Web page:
Incidence of adverse events associated with azithromycin (10 mg/kg once daily for 3 days) suspension treatment 2,3

Azithromycin most commonly causes gastrointestinal adverse effects (in 3 to 27% of patients). 5 Abdominal pain, diarrhea, nausea or vomiting occur in 1 to 2% of the children treated with azithromycin. 4 Azithromycin treatment-associated gastrointestinal adverse events are significantly shorter in duration than gastrointestinal adverse events caused by comparator antibiotics (mean, 2.3 and 5.0 days, respectively; P = 0.0001). 4 Allergic reactions caused by azithromycin are rare. According to our clinical experience, most urticarial reactions associated with azithromycin treatment are due to underlying infection and cannot be induced by reexposure to azithromycin. Case reports of hepatotoxicity, ototoxicity and miscellaneous adverse effects have been reported, but with the lack of placebo-controlled studies the real causal relationship has been difficult to evaluate. 5 As is seen with other macrolides, intravenous administration of azithromycin can induce abdominal cramping and nausea; temporary tinnitus has also been reported in adult clinical trials. 6 In a trial of 32 pediatric patients 6 months to <16 years of age who received a single dose of intravenous azithromycin (10 mg/kg; maximum dose, 500 mg), all adverse events were mild to moderate in severity. The most common adverse event was nausea, reported in 8 of 32 (25%) subjects; however, none of the patients with nausea vomited. 7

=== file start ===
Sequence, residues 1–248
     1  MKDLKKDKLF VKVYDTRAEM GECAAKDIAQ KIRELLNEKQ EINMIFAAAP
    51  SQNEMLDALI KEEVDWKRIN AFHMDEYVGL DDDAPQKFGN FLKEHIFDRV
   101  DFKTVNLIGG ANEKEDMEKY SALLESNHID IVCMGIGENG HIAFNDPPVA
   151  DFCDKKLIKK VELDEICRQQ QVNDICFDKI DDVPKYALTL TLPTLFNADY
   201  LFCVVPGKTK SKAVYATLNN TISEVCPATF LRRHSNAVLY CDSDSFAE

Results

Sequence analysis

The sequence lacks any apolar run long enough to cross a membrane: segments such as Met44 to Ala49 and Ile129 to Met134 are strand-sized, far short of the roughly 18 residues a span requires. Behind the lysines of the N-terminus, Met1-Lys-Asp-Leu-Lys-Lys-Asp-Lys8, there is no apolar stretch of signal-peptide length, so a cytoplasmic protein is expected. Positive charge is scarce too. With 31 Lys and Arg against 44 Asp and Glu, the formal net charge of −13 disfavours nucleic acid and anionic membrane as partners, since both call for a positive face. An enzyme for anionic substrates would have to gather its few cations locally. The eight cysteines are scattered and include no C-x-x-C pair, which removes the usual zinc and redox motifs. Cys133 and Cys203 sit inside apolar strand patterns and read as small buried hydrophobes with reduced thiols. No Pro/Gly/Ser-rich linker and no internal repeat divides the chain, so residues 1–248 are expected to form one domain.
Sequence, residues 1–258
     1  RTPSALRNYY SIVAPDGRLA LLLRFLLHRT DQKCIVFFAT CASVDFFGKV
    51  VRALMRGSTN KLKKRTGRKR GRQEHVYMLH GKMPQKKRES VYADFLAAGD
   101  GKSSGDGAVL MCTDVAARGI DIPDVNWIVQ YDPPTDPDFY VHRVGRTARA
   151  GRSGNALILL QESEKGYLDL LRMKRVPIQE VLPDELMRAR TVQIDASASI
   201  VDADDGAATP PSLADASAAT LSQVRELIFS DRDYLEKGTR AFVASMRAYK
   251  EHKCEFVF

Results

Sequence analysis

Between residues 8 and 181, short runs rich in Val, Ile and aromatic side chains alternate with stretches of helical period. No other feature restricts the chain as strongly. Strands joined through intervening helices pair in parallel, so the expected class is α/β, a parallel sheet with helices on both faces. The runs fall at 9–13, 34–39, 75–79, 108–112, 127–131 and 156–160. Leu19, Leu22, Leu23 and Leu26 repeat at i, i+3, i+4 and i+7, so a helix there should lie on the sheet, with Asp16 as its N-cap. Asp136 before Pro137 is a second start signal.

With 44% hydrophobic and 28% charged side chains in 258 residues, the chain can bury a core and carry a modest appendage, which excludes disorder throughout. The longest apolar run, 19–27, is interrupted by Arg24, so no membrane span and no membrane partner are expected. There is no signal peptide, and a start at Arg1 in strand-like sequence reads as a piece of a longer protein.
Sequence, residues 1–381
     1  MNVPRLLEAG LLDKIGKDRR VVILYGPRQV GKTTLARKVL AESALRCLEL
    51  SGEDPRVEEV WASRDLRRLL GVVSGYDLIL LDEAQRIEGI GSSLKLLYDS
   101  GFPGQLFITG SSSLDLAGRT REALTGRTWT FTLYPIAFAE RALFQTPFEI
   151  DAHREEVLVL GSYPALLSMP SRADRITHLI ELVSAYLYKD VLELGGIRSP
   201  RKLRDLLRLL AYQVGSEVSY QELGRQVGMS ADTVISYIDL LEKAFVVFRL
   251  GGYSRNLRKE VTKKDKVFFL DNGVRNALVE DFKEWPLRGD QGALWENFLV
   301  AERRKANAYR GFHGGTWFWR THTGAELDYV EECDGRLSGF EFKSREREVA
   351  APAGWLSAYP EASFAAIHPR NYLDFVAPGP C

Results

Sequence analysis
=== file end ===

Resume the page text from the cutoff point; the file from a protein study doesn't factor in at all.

The tolerability and safety of azithromycin have been compared with those of other antibiotics in several studies. 8–10 Among 4870 patients receiving azithromycin, the discontinuation rate was 0.8% compared with 2.3% for amoxicillin/clavulanic acid, 1.9% for erythromycin, 1.3% for cefaclor, 1% for clarithromycin and 0.6% for amoxicillin or penicillin. 8 In general the occurrence of adverse events associated with azithromycin treatment of 5 to 20% is equivalent to erythromycin and other antibiotics (Table 2). However, azithromycin induces more adverse effects than penicillin V 5,9 but less adverse effects than amoxicillin/clavulanic acid (which induces more gastrointestinal complaints). 5,10 All studies have compared a 10-day amoxicillin/clavulanic acid treatment regimen to azithromycin treatment, yet in Scandinavia the guidelines for AOM recommend only a 5-day amoxicillin/clavulanic acid treatment regimen. Interestingly treatment with erythromycin has been occasionally associated with the development of infantile hypertrophic pyloric stenosis, but no cases have been observed with azithromycin. 11 In contrast a retrospective cohort study of >260000 mother-infant pairs in Tennessee between 1985 and 1997 showed an association between nonerythromycin macrolide use at any time during pregnancy and infantile hypertrophic pyloric stenosis (adjusted odds ratio, 2.77; 95% confidence interval, 1.22, 6.30; P = 0.01). 12